Results of the best performing model showed qualitative behavior similar to that seen in experimental studies. The model, however, also provided insight into the behavior of molecular components whose dynamics have not been experimentally explored in detail. Unsurprisingly, the model indicated a dramatic rise in the amount of viral genome upon initiation of infection. As would be expected, a concomitant boost in the level of viral proteins was also observed. Interestingly, and somewhat surprisingly, in a relatively short period of time, the amount of viral genome within the cell began to decrease rapidly to a new much lower level. However, the level of genome was sufficiently high enough that, while the rate of net viral protein production slowed down significantly, overall viral protein levels continued to increase. It appeared that the primary reason that the viral genome level decreased was that they were being packaged for virion secretion rather than being used for viral protein synthesis. Ultimately, the initial rapid “priming” of the viral production system was sufficient enough such that, after reaching a critical point, viral resources were able to be primarily allocated towards virion release while the viral protein synthesis machinery continued growing, albeit at a slower rate and at lower overall levels.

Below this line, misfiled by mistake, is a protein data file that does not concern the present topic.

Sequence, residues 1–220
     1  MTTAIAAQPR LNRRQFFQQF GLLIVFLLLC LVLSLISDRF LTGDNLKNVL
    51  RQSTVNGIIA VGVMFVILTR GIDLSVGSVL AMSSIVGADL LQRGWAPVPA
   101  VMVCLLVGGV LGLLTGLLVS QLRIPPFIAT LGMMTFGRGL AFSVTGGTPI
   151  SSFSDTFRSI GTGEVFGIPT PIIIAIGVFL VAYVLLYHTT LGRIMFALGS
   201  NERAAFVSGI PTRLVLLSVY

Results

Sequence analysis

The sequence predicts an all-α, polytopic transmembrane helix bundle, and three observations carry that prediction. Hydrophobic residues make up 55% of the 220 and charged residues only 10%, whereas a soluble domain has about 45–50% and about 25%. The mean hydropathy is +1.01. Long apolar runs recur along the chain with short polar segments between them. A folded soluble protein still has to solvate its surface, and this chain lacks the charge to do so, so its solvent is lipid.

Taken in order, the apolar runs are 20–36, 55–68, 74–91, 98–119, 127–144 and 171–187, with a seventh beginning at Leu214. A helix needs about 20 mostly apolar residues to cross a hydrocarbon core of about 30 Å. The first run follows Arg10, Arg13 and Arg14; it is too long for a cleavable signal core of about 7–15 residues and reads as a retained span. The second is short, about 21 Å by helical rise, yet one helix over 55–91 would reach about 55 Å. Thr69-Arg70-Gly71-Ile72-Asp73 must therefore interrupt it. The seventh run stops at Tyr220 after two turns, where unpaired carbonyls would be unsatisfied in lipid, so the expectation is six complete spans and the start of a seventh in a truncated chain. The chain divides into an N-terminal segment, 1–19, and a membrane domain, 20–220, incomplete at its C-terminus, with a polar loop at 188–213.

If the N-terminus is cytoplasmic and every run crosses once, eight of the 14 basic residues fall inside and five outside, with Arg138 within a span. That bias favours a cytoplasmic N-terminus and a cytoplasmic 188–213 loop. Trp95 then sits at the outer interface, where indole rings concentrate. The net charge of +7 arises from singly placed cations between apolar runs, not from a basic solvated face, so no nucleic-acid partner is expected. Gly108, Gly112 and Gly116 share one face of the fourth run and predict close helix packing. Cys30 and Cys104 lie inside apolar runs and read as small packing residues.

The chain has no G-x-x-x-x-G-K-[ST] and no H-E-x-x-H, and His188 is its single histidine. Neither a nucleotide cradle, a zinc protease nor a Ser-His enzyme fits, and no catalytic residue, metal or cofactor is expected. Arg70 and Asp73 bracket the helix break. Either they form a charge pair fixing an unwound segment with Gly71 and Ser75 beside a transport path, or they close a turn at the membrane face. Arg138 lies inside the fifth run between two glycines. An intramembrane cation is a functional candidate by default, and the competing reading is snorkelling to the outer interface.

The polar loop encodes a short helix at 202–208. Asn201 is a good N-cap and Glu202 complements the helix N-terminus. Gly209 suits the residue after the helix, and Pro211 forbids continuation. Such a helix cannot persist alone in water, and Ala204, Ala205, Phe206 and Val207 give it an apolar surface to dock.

Tuesday
Award Talk
10:40am - 11:40am USA / Canada - Pacific - March 22, 2022 | Location: Pacific Ballroom: Section 21 (Marriott Marquis San Diego Marina)
Division: [BIOT] Division of Biochemical Technology
Session Type: Oral - Hybrid